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A newly introduced program, Amplified with Aisha Mills, focuses on politics. Mills is a veteran commentator and political strategist dedicated to making sure that our democracy serves all corners in America’s cultural fabric. Photo courtesy of Black News Channel

“The Black and brown market is too large for businesses to ignore — $300 billion in buying power a year, according to a McKinsey study,” Hair noted. “Companies looking for new streams of revenue are seeing that the Black community can provide them. If businesses overlook minorities — Hispanics, African Americans, members of the LGBTQ community, sometimes even women — they are overlooking major opportunities.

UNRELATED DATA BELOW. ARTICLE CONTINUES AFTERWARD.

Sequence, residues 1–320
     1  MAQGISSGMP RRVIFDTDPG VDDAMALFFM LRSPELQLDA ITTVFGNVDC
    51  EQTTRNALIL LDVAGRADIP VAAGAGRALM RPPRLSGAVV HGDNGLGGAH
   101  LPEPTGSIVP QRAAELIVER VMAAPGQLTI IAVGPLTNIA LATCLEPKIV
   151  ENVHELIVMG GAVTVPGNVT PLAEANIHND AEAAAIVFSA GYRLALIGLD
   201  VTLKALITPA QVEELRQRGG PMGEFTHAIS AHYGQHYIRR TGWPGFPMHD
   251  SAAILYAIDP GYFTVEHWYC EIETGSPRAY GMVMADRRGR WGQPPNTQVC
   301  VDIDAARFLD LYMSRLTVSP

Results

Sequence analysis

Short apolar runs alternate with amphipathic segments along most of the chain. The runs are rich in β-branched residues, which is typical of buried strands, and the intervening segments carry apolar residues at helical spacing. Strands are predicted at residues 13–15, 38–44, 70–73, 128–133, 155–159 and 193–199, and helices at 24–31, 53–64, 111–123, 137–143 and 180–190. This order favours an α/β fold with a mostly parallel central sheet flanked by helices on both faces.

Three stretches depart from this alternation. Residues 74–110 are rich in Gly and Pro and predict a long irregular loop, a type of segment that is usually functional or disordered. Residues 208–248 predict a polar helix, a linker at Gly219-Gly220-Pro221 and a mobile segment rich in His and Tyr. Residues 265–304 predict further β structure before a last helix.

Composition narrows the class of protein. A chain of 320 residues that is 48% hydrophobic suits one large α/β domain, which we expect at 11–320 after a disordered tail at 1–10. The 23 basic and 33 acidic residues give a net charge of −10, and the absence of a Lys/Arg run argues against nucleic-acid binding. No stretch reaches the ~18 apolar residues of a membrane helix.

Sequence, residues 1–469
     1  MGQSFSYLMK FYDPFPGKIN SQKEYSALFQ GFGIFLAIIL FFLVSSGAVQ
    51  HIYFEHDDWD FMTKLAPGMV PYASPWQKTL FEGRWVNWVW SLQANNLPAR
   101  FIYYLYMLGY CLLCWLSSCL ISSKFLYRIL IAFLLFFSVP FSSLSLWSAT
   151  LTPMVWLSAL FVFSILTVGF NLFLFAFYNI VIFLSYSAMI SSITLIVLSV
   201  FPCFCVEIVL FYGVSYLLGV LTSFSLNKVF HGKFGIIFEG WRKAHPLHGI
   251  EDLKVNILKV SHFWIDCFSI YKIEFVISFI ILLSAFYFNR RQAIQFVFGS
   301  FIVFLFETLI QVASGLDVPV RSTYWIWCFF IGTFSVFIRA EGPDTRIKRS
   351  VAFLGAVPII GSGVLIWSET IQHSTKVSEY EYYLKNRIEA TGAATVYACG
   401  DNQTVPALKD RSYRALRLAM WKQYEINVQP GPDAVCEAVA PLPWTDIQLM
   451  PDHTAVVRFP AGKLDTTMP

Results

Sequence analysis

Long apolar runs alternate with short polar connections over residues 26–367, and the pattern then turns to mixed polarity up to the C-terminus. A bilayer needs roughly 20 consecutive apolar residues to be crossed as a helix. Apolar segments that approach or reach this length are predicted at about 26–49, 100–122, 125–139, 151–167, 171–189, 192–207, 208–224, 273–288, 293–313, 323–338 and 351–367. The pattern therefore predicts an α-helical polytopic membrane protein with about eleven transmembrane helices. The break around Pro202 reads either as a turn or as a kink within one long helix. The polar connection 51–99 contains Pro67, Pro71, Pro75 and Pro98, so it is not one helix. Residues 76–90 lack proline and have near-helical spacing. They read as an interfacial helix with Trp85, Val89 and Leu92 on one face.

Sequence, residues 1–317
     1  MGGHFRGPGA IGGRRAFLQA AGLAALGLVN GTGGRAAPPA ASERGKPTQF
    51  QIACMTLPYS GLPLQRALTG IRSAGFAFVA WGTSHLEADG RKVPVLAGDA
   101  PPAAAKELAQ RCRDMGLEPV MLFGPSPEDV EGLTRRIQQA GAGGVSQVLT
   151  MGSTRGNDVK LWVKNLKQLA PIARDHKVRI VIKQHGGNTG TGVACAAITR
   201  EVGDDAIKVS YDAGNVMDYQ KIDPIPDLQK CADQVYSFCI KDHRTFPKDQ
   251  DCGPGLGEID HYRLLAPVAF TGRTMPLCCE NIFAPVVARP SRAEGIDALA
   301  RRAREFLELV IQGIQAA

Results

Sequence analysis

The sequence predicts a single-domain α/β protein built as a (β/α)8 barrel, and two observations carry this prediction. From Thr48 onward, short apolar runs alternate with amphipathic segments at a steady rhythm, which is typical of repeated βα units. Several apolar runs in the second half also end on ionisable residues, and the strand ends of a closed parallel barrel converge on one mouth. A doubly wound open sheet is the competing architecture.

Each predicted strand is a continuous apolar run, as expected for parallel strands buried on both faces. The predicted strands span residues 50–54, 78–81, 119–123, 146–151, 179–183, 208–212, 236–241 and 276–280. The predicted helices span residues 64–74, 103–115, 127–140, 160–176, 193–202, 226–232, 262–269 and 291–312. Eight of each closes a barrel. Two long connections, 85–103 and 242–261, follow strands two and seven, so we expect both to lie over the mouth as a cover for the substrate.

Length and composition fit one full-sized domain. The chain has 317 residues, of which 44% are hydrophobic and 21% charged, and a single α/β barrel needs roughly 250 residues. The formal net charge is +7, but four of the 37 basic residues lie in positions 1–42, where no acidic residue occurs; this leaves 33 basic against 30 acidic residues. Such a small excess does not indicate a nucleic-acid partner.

“I can tell you that there is no shortage of suitors looking to be a part of BNC. It’s a wonderful problem to have, and we hope to continue having it.”

Hair said that BNC, during its “upfront” season from April to September, exceeded its own expectations by securing commitments from advertisers in “all the major categories: pharmaceutical, financial, food service, retail, consumer goods, you name it.”

BNC’s ratings have been inconsistent, but the overall trend line is good.

“We are still finding the audience, and the audience is still finding us,” Hair said. “But we are seeing really strong performance, especially on days when you have stories that either disproportionately affect or interest the Black community.”